Sat Feb 06 21
In the 1980s we had what I can call the perfect software security ecosystem. Back then, the computer was able to determine - by light of the fact that it was in my physical house - that it belonged to me, and the authentication story was that if I gave the computer a steady flow of electricity, I got access to every feature of the operating system. Comparatively today the process of authentication looks somewhat different. "But what about save files?" you might reasonably ask. Well games back then were entirely stateless. There was no such thing as saving data because there was no data to save. Requiring skill, luck and ingenuity, the player was asked to sit through the entire challenge of the game in every sitting. This lack of convenience leading to the perception that 'Games were harder back in the day...'. Some games gave you a feature to input a data-encoded password to force the game to load into a certain state to seemingly 'continue' where you left off. For the most part though they were stateless.
Passwords are a simple and elegant solution to the multi-user problem. To prevent User 1 accessing User 2's data, you need a phrase that only User 1 knows and the computer will load into the state that User 1 is familiar with. This includes User 1's favourite desktop theme, their icon layout and most importantly their game save files.
Because simple solutions like "It's in my house therefore it's mine" and "I know the password therefore it's me" would invalidate the jobs of most software architects, they took a long hard look at these multi-decade paradigms and decided to change it in the last five years. In comes "2Fa" where you need to know the password, the email account and have access to a "linked device" that you're able to authenticate to. This balances an 'acceptable' level of user frustration for the 'added protection' they feel as they're mistyping their 2FA code into their onscreen keyboard and fat-fingering it over and over again.
Of course, now that this is industry standard practice we're wanting to change it again - as software architects. It's been decided (by people who aren't you) that the software you use (you don't own it, so you get no say) will now authenticate you by you knowing your password, being able to open the email address of the account you're accessing, having access to the linked device and smiling for that device's camera so that the machine can compare your facial features with its recorded likeness of you. If those three factors pass, then the software may allow you access to the account you're allowed to use. Thank God for safety.
As a software Architect who is seeing access to the authentication dynamics quickly reaching maturity. I feel the urge to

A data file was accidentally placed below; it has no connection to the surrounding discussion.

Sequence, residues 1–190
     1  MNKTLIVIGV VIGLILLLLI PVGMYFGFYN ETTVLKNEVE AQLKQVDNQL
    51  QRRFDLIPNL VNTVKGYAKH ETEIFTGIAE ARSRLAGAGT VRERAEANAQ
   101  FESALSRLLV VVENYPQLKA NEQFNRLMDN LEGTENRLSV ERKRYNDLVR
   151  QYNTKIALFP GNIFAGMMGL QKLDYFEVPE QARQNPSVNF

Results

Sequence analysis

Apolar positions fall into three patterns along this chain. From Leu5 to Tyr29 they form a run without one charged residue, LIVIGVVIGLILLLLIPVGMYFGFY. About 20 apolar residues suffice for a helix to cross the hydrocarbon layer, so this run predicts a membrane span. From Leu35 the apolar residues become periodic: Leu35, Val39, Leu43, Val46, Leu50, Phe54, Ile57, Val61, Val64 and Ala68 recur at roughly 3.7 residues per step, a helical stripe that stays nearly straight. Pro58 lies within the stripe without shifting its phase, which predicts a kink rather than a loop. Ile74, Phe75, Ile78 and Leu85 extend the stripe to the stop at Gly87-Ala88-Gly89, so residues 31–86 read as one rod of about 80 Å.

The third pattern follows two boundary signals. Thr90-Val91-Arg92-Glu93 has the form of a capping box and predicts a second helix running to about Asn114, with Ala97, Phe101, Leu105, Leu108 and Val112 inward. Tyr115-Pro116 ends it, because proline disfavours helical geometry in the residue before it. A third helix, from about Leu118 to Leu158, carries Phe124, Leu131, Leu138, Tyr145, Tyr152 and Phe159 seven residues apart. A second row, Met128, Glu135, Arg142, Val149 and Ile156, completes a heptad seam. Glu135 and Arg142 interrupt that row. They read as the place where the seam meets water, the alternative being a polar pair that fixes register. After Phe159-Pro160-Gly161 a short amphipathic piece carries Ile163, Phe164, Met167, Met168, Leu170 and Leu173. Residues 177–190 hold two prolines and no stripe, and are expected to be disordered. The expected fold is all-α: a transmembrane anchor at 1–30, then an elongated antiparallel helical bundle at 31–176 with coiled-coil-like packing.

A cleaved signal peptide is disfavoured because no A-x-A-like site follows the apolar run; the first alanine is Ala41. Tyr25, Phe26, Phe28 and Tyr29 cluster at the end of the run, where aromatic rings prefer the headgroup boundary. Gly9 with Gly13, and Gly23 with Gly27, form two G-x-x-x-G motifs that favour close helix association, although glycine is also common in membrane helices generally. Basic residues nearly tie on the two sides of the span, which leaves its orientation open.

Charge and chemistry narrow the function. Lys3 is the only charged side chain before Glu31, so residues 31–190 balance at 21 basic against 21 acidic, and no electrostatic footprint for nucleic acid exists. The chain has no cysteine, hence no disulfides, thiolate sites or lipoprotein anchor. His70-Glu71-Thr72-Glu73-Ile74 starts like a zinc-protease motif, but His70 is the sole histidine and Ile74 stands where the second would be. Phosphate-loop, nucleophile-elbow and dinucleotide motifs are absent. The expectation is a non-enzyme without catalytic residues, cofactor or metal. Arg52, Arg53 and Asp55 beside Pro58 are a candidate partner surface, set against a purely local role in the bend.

save my job give the users an extra level of security. Because you see, people simply don't feel secure with their current level of access and knowledge. It's not enough to have a linked social profile, email address, secondary device, owning a machine-recognized similar face and knowing the secret password that only exists in the users brain. The possibility of being hacked is too damn high! All over the internet and across the world users are breaking down the virtual doors of my second-life house to beg "We need more account security!" And so, with a heavy heart and a furrowed, determined brow I get to work...
Introducing 12 factor Authentication for the modern 12 factor app. It's well known by science that the more factors your app has, the more circles of
hell auth you have to get through to get access to the limited functionality the software decides to let you have, based on your access level. To authenticate with a 12 factor application we will be requiring the users to have the following
1. The email address associated with the user
2. A linked device that the company is aware of
3. Location services and Camera enabled on linked device, so the company is aware of the user's current face is recognizably similar to the on-file face and the user's location is within acceptable parameters
4. A linked social account from a list of companies large enough to be considered 'trustworthy'. Being a US Military contractor is a minimum bar of entry
5. A pass-nursery-rhyme: Requiring an 8 character password was considered secure in the mid 90s, but some time in the 10s that was changed to "passphrase" because they're harder to brute force. Whats even better than that? Training the user to invent its own nursery rhyme that it tells the computer. This way we can programmatically assess the users' literary style with the onfile literary style
6. Full biometrics: fingerprinting, licking the secondary device to pass and analyze DNA, and of course giving it a blood sample on first login.
7. Endorsement from other users, popup notifications appearing for users who are logged into the app, who are asked "Do you want to allow CuteCat123 access to their account?" with a yes/no dialog. In order to ensure the user is giving us their real intention, yes and no will be positionally switched and reverse color coded.
8. A linked tiktok video of the user doing a wiggle dance pointing at things and ending with "I love the company"
9. Complete medical history and personal medical questions being repeated
10. A video interview in business formals between the user and a company representative
11. "Always on" connectivity to the three mega-servers that are geographically distributed, fully redundant and who separately authenticate both device MAC addresses. These servers are colloquially known as the "three wise men" Casper, Melchior and Balthazar.
12. A company representative is contacted and then asked to manually review all the data and that representative will then allow the user access to the small part of the software that the company approves of
Only then will users finally feel safe to access
their data the company's data on them.